With the trade deadline a week away in the NHL, Kings GM Dean Lombardi is still looking to enhance his roster, with the ultimate hope of securing a third Stanley Cup in just six years. The team’s front office largely believes that in order to accomplish that, they will need to bolster their defense. With the loss of Matt Greene earlier this season, it created a hole in the roster that wasn’t adequately filled by: Christian Ehrhoff, Jaime McBain, Derek Forbort, or Kevin Gravel. Luke Schenn has proven to be a much needed addition, yet more is still needed.
Last year couldn’t have gone better for the Calgary Flames, as they went to the second round of the playoffs before getting beaten by the Anaheim Ducks. Considering that many did not predict the Flames even making the playoffs, it was a success This year, the Flames have regressed which has them several games back from even a wild card spot and a handful of teams ahead of them. For Brian Burke and Brad Treliving, it might be best for them to get what they can before the trade deadline for three players who are unrestricted free agents at the end of the season in David Jones, Jiri Hudler, and Kris Russell. With Lombardi looking for a defenseman, Russell fits the mold of what the Kings would need on their blueline come playoff time.
When people think about Calgary’s defensive core, it’s the big guys who come to mind first — names like, T.J. Brodie, Mark Giordano, and Dougie Hamilton, who are eating up big minutes. Yet, Russell holds his own when it comes to his time on ice. This season, Russell is third on the Flames in ice time, trailing only Giordano and Brodie; plus he has actually played more minutes in fewer games than Hamilton. On the penalty kill, Russell is also third in time spent on the ice, again, only behind Giordano and Brodie. Still, it is worth noting that the Flames penalty killing unit is actually the worst in the NHL, successfully killing off only 73.2% of all of their opportunities. What makes that number even worse is they’ve had the third least amount of penalty kill opportunities in the NHL. The hope would be that Russell would be able to fit into the penalty kill and help the Kings, as they have been shorthanded the second most in the NHL. Acquiring him before the trade deadline would give the Kings another option when one of their current defensemen takes a penalty. For a brief look at how coach Darryl Sutter uses his lineup, McBain and Ehrhoff have only played a combined 21:15 all season on the kill.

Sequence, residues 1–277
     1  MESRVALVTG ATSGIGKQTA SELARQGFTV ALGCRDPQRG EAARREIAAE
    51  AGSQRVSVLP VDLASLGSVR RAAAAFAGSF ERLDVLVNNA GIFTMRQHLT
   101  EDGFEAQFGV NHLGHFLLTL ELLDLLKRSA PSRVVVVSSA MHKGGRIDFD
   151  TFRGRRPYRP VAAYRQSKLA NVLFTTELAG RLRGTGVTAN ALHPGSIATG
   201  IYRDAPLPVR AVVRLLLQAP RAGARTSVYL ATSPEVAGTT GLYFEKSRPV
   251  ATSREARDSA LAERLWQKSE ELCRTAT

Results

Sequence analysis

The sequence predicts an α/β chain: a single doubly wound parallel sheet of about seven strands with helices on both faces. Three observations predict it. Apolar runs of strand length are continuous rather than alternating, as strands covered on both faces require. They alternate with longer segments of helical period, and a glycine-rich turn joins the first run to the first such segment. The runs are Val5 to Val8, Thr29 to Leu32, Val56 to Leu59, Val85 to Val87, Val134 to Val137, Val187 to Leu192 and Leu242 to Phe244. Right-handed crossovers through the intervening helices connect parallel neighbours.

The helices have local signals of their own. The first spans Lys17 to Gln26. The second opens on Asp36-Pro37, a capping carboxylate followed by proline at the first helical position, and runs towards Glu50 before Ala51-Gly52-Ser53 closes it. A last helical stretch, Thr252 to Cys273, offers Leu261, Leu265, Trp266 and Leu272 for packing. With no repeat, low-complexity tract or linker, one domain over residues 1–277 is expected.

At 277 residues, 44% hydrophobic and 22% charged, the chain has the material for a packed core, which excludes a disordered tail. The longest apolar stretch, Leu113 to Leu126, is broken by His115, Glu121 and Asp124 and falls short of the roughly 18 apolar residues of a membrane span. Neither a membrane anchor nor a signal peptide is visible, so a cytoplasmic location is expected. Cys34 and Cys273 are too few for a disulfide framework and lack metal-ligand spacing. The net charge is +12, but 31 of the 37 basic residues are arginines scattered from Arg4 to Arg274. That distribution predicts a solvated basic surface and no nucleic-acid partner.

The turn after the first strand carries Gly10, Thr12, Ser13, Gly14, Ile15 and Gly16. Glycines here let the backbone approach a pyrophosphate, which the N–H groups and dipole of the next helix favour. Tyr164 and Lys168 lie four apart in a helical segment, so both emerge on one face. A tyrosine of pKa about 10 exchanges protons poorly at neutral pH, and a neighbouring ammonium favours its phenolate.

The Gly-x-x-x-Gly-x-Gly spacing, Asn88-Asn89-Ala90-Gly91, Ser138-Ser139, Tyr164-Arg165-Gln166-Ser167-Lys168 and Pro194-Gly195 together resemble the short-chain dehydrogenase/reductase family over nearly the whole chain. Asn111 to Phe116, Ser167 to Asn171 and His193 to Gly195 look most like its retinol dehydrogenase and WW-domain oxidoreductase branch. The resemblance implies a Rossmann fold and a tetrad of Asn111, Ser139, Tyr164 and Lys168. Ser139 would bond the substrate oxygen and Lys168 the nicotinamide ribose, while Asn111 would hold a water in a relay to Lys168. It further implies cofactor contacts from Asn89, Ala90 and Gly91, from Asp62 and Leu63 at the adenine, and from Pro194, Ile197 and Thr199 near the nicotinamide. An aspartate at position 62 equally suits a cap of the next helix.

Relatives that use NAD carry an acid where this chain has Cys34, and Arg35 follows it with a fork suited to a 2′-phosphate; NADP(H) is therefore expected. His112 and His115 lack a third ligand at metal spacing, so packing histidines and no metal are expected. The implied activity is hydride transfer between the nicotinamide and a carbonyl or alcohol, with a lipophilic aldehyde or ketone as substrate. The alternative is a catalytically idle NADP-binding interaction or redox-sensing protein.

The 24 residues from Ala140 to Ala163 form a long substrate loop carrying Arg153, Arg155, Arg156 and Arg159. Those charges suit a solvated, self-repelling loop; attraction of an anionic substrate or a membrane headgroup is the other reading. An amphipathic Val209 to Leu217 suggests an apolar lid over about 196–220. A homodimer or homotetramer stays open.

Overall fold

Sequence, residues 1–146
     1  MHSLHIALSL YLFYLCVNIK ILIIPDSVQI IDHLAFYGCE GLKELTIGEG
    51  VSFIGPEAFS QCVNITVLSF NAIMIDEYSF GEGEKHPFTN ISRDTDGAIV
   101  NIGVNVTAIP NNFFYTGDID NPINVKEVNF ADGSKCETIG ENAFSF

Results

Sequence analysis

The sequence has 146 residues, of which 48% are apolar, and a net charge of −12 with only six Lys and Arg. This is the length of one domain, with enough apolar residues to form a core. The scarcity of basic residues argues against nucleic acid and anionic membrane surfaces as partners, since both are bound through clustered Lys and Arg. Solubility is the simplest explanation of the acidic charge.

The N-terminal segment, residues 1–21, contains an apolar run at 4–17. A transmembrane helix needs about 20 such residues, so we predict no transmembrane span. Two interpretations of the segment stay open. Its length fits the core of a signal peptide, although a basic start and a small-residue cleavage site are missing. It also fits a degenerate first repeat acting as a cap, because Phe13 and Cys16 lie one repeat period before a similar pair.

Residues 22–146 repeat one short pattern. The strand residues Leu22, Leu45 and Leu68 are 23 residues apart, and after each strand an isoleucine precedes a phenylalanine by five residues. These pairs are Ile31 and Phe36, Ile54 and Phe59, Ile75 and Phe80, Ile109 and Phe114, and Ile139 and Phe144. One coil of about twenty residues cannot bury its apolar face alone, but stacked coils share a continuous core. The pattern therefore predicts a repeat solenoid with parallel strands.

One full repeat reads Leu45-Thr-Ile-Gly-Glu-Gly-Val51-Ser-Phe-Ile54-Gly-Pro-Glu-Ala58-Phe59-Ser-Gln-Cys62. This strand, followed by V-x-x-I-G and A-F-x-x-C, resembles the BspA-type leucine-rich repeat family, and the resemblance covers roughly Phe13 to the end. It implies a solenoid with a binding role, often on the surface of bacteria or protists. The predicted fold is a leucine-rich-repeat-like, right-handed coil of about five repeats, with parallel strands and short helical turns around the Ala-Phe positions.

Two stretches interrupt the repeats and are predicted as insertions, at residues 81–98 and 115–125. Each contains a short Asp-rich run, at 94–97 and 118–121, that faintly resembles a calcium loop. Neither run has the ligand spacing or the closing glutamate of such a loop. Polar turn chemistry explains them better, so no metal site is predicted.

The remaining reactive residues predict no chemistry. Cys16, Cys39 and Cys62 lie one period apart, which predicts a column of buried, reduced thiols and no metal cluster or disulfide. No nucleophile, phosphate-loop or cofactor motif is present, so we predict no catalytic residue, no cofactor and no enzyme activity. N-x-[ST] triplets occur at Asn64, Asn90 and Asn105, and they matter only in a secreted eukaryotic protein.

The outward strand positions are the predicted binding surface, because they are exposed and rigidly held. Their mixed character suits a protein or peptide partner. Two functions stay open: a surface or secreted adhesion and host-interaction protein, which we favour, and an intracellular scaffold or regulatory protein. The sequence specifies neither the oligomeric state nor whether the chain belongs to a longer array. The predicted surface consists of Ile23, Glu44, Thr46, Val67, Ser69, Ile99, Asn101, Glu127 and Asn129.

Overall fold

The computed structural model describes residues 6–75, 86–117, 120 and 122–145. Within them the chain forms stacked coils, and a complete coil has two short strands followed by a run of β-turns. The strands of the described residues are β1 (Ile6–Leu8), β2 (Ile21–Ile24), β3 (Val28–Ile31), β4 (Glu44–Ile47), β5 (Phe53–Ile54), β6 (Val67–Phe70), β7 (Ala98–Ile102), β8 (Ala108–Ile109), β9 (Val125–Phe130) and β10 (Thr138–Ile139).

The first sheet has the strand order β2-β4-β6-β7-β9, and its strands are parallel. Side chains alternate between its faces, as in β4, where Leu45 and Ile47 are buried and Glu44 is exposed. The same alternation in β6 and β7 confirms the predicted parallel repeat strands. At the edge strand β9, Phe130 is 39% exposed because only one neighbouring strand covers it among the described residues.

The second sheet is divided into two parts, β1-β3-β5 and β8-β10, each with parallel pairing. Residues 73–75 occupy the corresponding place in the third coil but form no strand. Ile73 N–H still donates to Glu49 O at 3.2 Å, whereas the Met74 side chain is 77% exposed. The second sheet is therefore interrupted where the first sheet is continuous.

Another asset that Russell brings is his ability to block shots. Currently, he is second in the league in blocked shots with 173, only trailing Francois Beauchamin. Last season, Russell blocked 283 shots during the regular season, tops in the league. Of course, there is something that stat geeks will mention immediately when you bring up a player is blocking that many shots during the course of a season… What is his Corsi? Well, it’s not good. Russell’s Corsi this season in Calgary is an abysmal 43.6% percent. To compare, the often maligned Jaime McBain has a Corsi this season of 56%. A counter-point to that argument is that Russell has been on the ice for 301 defensive zone draws this season compared to McBain’s 85 (We’d also like to note, that Russell has played more games this season than McBain). Russell hasn’t had a plus 50% Corsi rating since he was with the St. Louis Blues three seasons ago (and he maintained a plus-50 each of the two seasons prior). You’d have to make the assumption that if the Kings do acquire Russell, his possession numbers would go up on a team that prides itself on being a possessive team.
Finally, there is some familiarity with Russell when it comes to players on the Kings. In 2011, Russell and Jeff Carter played together briefly on the Columbus Blue Jackets (Carter was hurt in the fourth game against Dallas). Also, during the 2012 NHL Lockout, Russell went to play in Finland with TPS Turku. During his time there he was joined by Alec Martinez, until Martinez had an unfortunate injury and returned home from Europe.